After the fall of the Wall in 1989, Potsdamer Platz turned into Europe's biggest building site, as urban planners worked to create an ultra-modern city center in the middle of a reunited Berlin. The only remnants of old Potsdamer Platz are the historic Haus Huth and the majestic Hotel Esplanade ballroom, which has been cleverly incorporated into the Sony Center. Approximately half of the area contains offices; the rest is divided between entertainment complexes like the IMAX movie theater and a fantastic shopping mall.
Urania-Weltzeituhr stands for Urania World Clock. It is a ten meter high metallic world clock built in the capital city. It is a popular eye catchy landmark and a historic structure built in 1969. Today, the locals and tourists consider this place to be a common meeting point.
No other square in Berlin has changed its name quite as often as Rosa-Luxemburg-Platz. And that's saying something, because each new political regime in the German capital has traditionally set about renaming streets and squares after its own particular heroes. Previously known as Bülowplatz, East German authorities renamed the square in the fifties after their favorite national hero, Rosa Luxemburg. The central point of interest on the square is the Volksbühne am Rosa Luxemburg Platz theatre, one of the liveliest and creative stages in Berlin. Equally popular is Babylon cinema, an independent cinema with a long tradition.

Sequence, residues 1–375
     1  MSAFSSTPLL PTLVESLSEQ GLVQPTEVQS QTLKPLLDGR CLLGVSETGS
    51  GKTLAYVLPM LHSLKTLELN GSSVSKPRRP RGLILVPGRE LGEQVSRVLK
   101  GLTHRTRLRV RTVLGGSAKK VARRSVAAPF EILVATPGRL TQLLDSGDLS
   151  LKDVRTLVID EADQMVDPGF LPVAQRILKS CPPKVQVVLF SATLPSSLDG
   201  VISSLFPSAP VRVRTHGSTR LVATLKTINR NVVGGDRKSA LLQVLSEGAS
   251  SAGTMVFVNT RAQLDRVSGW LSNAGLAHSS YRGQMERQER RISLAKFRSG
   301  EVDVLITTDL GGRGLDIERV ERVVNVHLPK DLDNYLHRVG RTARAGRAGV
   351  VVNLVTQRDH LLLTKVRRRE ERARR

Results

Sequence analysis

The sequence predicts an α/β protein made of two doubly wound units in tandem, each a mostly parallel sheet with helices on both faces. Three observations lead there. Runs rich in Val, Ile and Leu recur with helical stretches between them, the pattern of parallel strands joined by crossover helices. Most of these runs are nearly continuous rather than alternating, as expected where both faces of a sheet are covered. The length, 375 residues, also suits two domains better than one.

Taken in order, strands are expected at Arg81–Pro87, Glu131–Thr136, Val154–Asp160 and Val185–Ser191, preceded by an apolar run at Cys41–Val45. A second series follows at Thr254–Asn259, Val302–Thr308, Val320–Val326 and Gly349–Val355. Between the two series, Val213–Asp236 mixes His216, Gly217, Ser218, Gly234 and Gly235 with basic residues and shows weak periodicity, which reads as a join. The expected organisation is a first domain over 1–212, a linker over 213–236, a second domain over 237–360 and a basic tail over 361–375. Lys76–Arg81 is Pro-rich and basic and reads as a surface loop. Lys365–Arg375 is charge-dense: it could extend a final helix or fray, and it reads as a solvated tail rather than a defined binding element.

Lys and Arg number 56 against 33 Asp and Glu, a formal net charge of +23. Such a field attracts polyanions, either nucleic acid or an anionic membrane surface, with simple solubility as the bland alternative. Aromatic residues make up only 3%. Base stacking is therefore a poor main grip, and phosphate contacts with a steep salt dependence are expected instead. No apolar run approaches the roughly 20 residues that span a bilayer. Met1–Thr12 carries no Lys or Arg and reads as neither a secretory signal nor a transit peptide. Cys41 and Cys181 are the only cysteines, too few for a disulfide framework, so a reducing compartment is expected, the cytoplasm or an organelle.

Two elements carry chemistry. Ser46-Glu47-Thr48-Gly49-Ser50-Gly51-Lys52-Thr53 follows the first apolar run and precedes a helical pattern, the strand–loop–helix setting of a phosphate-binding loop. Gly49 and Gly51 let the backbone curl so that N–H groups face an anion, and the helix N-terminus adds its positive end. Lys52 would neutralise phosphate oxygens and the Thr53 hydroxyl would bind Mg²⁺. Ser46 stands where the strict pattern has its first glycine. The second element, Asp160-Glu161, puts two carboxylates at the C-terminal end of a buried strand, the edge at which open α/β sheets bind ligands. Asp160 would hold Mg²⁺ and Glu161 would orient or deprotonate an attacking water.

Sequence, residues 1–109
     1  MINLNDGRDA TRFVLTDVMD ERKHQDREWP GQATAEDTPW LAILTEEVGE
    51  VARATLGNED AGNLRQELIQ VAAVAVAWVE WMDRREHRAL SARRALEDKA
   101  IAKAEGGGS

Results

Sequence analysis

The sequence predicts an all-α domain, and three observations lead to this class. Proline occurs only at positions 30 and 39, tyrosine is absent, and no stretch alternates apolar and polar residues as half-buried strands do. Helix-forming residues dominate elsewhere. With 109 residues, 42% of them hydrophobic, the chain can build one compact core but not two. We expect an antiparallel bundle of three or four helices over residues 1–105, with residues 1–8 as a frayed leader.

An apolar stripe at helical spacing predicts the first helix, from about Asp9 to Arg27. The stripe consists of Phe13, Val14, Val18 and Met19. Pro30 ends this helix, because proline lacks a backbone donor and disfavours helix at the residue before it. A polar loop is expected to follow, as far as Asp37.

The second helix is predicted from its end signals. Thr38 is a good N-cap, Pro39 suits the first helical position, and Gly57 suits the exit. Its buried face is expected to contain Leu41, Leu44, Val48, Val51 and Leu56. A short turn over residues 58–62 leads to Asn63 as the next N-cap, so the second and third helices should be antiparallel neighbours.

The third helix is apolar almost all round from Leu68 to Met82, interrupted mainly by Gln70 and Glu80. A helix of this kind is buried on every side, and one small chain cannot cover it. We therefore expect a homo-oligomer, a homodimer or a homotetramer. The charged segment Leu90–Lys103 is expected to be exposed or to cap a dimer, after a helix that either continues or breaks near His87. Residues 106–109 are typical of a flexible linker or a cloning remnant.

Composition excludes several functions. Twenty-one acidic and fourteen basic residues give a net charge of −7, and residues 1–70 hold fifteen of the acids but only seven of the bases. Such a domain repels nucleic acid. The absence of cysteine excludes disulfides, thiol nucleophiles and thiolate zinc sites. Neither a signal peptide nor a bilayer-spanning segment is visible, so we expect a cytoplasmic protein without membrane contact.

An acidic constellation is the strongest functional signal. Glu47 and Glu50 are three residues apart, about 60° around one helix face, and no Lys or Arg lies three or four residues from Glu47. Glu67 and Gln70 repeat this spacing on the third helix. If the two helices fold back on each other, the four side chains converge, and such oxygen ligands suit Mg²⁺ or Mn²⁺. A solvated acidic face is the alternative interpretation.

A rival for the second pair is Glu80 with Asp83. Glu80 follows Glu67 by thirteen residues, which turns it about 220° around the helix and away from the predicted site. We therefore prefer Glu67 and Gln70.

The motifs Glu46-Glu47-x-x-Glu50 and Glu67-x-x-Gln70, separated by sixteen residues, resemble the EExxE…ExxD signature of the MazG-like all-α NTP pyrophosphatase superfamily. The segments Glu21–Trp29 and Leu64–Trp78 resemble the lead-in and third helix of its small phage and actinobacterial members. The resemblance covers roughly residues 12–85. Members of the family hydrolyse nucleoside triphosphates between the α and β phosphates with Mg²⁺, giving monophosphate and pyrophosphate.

Although plans are afoot to radically redesign Alexanderplatz, the square is still dominated by socialist buildings whose architectural beauty still attracts attention. One of these, Haus des Lehrers, is marked by an impressive 125 metre long mural which wraps its way around the building. Painted by Walter Womancka, this colorful depiction of "the perfect socialist life" is a classic example of the kind of art once promoted by East German authorities for propaganda purposes. Erected in 1964, the building represented a break with the monumental architecture of the Stalin era and a move towards a more cosmopolitan and transparent style. Originally built as a congress center for teachers, the building is now used for exhibitions and cultural events.
Built in the begining of the 19th Century, the Altes Stadthaus or the Old Town House of Berlin was designed by Ludwig Hoffmann. A major part of the building was destroyed during the World War II but it was later painstakingly conserved and rebuilt. After the construction of a New Town house, the Altes Stadthaus was less frequented by the city's residents as it could not accommodate the Berlin's growing population but it still stands proudly as an eminent attraction.
Anlegestelle Jannowitzbrücke is a beautiful pier on the banks of River Spree. It has a bar from where you can enjoy views of boats and the riverside buildings while sipping refreshing drinks. Visitors can also board a ship to Landwehr Canal or embak on long trips along the river. The Anlegestelle Märkisches Ufer is another prominent pier situated on the opposite bank.